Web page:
Covering live poker tournaments for a living affords me the opportunity to see countless thousands of hands played out, many of which offer interesting and potentially valuable insights into how players — both amateurs and professionals — play the game. In this ongoing series, I'll highlight hands I've seen at the tournaments I've covered and see if we can glean anything useful from them.
For this week's hand, we shift our focus away from the author's ill-fated attempts to make something happen in Hammond and get back to a hand played by actual professionals. This one matched British pro David Vamplew with American pro Matt Affleck at the recently-played PokerStars Festival New Jersey Main Event.
Affleck and Vamplew were two of the most accomplished players left among the Day 3 field, and each brought very healthy stacks into play. Both players were playing their usual brands of aggressive, solid poker when they went to war at the 3,000/6,000/1,000 level.
Affleck had around 350,000 to start the hand, and he opened the action from early position with a raise to 14,000. Vamplew, who started with about 220,000, then made it about 35,000 to go from the next seat over. It folded back to Affleck who called, and the pair saw the flop come .
Affleck thought a bit and came out betting, pushing forward 40,000. Vamplew called the bet, and the turn brought the . Affleck shoved all in to put Vamplew at risk for his remaining 140,000 or so.
Vamplew looked ready to snap-call, but thought a while first. Eventually, Vamplew did shrug and put his chips in, only to see his was in need of help against Affleck's set of nines with .
The river sent the pot Affleck's way and eliminated Vamplew in 16th place.
Concept and Analysis
This hand starts out normally enough, with Affleck opening a good hand and Vamplew three-betting another solid hand against what he knows is an aggressive opponent capable of opening with some weaker holdings.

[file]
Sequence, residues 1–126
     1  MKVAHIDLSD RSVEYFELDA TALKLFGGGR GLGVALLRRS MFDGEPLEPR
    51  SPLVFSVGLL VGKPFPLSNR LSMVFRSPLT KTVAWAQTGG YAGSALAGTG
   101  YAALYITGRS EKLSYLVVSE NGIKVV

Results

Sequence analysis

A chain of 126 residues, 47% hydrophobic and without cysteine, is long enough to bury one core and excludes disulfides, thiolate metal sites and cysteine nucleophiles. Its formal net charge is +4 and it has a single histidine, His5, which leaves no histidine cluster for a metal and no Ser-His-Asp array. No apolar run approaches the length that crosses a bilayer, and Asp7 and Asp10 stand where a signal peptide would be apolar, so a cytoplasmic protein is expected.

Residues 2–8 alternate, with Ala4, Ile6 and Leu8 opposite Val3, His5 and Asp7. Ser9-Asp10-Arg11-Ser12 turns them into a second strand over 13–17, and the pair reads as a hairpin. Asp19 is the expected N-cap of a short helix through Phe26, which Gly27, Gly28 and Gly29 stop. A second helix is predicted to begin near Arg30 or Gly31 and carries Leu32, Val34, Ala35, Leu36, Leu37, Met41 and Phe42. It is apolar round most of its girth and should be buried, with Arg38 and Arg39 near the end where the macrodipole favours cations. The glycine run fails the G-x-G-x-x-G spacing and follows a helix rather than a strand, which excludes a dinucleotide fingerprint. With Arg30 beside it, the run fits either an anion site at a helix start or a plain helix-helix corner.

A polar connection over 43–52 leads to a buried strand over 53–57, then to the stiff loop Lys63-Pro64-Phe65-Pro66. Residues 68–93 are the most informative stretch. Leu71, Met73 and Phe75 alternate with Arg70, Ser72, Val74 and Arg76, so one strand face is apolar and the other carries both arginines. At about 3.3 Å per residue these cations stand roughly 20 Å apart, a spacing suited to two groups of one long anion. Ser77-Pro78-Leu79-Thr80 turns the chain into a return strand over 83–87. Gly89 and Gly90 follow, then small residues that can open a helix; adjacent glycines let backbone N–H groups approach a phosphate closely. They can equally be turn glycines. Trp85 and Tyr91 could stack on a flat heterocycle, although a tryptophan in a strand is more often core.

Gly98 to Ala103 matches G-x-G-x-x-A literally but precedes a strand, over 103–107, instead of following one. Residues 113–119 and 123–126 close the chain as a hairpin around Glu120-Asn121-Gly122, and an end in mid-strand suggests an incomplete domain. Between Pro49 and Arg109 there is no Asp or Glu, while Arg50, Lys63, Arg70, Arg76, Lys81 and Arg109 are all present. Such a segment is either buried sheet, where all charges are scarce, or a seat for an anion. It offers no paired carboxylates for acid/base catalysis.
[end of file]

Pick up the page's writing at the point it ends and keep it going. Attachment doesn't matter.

The players are on the shallower side with around 35 big blinds effective, but there are implied odds of around 10-to-1 for Affleck to call the three-bet, and nines could be the best hand. Such a hand is tricky to play out of position against good players, but probably just too strong to fold here.
When the flop hits, Affleck makes the interesting and definitely non-standard decision to come out betting for around half-pot. The standard play is to check to your opponent who has the betting lead, especially when the flop comes ace-high, so you can assume it helped him a good percentage of the time.
But Affleck wants to get stacks in here. If he checks and calls a bet and Vamplew has a hand like kings or king-queen, he's probably going to check back the turn and get to realise any equity he has by seeing all five cards in position. If Vamplew has top pair, he might do the same thing for pot control, and Affleck might have to do something like overbet the river to try to get stacks in.
Plus, look at that flop. If it were something like , checking would be pretty obvious because you don't have much to balance your leading range. But with , Affleck could plausibly be balanced with strong draws and even two-pair hands that he may have peeled with preflop and is now looking to deny Vamplew the chance at a free card.
Vamplew, of course, calls with top pair, and then picks up a gutshot on the turn. At that point, Affleck decides to just put him all in. Leading the flop gave him control of the betting and allows him to jam the turn on a board with three to a straight. If the river is a jack, eight, or a six, there would be a four-straight on board that could cost Affleck either the pot or a chance to get more value.
By leading the flop, Affleck was able to get stacks in against the hand he was hoping to be up against. At the same time, he did it in a spot that made sense for some weaker hands, so Vamplew was stuck in a tough spot and ended up calling off his tournament with slim equity.